Using neurodegeneration to fight cancer safely and effectively

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The “magic bullet”, a universal solution to target all cancer types without harming normal body cells, is what early cancer researchers thought we’d inevitably stumble across after just a few years of intensive research. But while certain subfields have come a long way in the last few decades, progress in treating cancer as a single disease has been disappointingly slow, and it remains the second largest cause of death in developed countries. Of course, that’s not something Huntington’s patients have to worry about–they don’t get cancer.

So what spares the sufferers of one disease, a disease which isn’t found outside of humans, from a disease that’s ubiquitous to nearly all animals? Remember that cancer is more than a disease; it’s a sort of life form, albeit not a self-contained one–a rogue colony battling for dominance within a body. Cancer cells are no more invulnerable to illness than the rest of your cells, and in some ways are more vulnerable. So as the products of the abnormal Huntingtin gene slowly break down neurons over the course of decades in sufferers, these same products make quick work of already fragile malignant cells.

It’s a case of fighting fire with fire, then. But since one fire burns much slower than the other, we could potentially harness its power and find that “magic bullet” we’ve been searching for all these years.

That’s where a team of researchers from Northwestern University’ medical school come in, with a somewhat unorthodox strategy. Instead of focusing on the protein products created by excessive CAG repeats in the genome, as most Huntington’s research does, the Peters lab investigated a type of noncoding RNA called siRNA. These molecules are part of the “RNA interference” system that’s a specialty of the lab, and they serve to silence certain functions of the cell by shredding messenger RNA before it can be translated into protein. Recently, siRNA has been recognized as contributing to Huntington’s pathology alongside the protein Huntingtin.


  • Huntington’s patients are 80% less likely to get cancer than the general population.
  • The length of Huntington’s-associated CAG repeats is negatively correlated with cancer incidence in tissues.
  • Trinucleotide repeat expansions may harm cells, including cancer cells, in part by silencing critical survival genes.

The researchers bound the kind of siRNA found in Huntington’s disease with a complementary strand from another degenerative disorder, myotonic dystrophy, to create a hybrid duplex, then put this inside nanoparticles that were quickly gobbled up by cancer cells in culture. All varieties of cancer tested–ovarian, lung, liver, melanoma, and several more–stopped growing within a few hours, and the majority were dead by the end of the trial.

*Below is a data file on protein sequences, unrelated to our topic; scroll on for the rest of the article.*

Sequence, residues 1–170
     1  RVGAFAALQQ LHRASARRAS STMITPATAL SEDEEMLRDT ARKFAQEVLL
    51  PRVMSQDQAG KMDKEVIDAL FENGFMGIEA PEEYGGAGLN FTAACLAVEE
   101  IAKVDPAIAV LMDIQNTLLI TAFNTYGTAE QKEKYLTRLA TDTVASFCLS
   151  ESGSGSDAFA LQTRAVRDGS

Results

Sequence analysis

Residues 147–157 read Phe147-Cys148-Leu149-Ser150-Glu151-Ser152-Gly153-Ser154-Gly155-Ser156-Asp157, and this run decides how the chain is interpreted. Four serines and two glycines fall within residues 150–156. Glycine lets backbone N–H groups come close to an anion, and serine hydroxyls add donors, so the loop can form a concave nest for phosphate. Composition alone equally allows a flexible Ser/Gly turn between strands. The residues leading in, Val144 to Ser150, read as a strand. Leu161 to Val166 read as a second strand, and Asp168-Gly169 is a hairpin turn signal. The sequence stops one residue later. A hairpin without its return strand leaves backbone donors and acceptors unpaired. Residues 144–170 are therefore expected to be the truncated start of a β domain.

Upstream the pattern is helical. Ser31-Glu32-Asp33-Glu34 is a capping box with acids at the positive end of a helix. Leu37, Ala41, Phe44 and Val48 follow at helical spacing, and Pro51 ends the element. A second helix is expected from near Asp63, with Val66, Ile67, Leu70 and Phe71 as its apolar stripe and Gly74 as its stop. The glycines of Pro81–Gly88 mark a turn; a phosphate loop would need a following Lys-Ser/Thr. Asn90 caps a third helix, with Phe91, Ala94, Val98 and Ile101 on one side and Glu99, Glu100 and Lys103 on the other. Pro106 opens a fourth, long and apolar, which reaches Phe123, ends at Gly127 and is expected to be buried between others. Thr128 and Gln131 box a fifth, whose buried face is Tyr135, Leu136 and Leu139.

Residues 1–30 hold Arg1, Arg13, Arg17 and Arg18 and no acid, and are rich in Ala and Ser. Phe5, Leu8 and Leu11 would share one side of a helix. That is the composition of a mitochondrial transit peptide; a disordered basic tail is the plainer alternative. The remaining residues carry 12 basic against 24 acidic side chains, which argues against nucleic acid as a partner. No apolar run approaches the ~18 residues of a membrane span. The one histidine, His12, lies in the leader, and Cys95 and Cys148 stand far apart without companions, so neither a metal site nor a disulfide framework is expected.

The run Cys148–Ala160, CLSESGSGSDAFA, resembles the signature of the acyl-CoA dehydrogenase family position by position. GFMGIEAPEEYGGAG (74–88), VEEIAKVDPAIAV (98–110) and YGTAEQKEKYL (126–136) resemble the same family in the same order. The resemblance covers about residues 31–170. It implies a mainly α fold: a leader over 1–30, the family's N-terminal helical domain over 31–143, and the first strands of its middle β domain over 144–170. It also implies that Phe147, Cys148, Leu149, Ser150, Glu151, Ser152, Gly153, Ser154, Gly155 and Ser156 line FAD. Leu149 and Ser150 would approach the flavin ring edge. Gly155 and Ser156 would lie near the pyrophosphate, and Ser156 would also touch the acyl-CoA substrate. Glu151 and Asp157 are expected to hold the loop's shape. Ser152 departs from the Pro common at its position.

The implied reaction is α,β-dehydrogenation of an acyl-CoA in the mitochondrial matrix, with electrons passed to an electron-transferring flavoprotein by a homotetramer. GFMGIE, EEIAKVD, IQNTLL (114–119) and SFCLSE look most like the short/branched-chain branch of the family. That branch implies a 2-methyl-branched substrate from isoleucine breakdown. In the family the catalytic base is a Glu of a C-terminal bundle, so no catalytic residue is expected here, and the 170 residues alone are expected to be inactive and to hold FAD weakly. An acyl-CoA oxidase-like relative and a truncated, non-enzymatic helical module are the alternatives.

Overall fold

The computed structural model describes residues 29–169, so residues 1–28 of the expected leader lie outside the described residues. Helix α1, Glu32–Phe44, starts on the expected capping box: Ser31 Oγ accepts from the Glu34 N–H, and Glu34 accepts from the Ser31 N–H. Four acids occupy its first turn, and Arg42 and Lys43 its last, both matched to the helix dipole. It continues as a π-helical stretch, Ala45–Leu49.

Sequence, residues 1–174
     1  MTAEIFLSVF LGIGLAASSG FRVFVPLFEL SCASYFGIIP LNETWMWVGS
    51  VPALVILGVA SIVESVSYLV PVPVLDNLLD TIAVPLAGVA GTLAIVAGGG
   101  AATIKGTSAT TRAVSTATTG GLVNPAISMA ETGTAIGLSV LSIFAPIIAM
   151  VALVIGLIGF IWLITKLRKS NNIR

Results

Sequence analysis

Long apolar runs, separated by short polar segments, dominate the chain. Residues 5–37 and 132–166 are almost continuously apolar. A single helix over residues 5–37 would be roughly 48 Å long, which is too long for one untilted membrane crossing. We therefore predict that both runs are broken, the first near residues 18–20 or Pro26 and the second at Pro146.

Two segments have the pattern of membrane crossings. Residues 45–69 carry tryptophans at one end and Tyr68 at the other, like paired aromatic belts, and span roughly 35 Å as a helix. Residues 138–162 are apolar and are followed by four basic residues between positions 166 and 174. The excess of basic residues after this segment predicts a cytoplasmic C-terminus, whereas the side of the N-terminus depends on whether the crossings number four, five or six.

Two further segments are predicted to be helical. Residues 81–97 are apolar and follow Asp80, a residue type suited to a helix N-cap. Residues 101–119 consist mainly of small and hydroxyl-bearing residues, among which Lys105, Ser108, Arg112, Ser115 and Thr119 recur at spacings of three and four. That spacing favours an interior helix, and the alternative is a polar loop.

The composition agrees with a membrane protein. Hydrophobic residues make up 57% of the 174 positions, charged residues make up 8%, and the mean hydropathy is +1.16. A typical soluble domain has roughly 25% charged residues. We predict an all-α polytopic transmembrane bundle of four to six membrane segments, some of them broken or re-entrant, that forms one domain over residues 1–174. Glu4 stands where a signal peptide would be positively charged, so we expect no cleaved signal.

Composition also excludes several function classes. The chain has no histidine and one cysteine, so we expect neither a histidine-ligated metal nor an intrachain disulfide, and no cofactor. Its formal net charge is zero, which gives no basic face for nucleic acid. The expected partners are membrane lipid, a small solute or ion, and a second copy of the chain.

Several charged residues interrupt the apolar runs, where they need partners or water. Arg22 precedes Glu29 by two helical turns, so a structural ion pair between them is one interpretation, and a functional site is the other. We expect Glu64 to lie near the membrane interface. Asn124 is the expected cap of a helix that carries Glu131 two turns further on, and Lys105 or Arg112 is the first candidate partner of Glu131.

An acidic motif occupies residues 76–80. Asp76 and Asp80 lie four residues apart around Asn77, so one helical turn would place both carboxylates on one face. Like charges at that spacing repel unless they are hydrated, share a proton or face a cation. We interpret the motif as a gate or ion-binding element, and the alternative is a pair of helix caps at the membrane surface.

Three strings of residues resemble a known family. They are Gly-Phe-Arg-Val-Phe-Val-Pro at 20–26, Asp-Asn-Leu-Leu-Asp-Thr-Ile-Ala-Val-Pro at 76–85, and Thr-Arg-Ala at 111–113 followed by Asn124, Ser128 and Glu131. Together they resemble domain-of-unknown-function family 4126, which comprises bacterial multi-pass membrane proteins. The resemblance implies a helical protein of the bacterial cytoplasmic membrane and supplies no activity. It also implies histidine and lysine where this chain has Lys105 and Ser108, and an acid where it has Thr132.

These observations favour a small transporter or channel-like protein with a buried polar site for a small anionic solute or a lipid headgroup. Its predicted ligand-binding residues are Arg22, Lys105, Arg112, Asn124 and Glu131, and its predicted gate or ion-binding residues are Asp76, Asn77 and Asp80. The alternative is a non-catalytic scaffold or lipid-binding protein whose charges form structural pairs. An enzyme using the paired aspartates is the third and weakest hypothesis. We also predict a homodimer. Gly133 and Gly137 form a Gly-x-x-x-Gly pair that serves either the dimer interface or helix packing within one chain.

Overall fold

When this molecule was tested on mice that had been grafted with human tumors, similar effects were seen, especially in mice with larger tumors. Better still, when grafted tumor cells that had undergone treatment were extracted and cultured separately, they remained sensitive to the therapy. This suggests that tumors may not be able to develop resistance to such a treatment, a major hurdle with most cancer drugs.

Cancer treatments also frequently struggle with toxicity, killing normal bodily cells almost as readily as cancerous ones, and producing notoriously grueling side effects. Not so with the siRNA treatment tested by the Peters lab, though. No side effects or toxicity were observed in mice over the short span of treatment, likely because the survival mechanisms affected are used infrequently or minimally by normal cells, while cancer cells, being more fragile, must rely heavily on them. This observation also fits well with our picture of degeneration in Huntington’s, in which the body takes many years to manifest the telltale symptoms of the disease, despite all tissues being exposed to abnormal Huntingtin protein (and affiliated molecules) since birth.

After considering cancer incidence in Huntington’s patients, as well as the results of their own therapy derived from the disease, the researchers speculated that Huntington’s and related disorders may be the result of evolved anti-cancer mechanisms. Indeed, since the onset of most neurodegeneration is late in life–Huntington’s being one of the earliest, at 40, though nevertheless after the human reproductive prime–these diseases may be some of the most clear and striking examples of antagonistic pleiotropy in humans.

Tegan McCaslin

Tegan is Geroscience's lead editor, and writes on a variety of topics--mainly science, medicine, and humans--here and elsewhere on the web.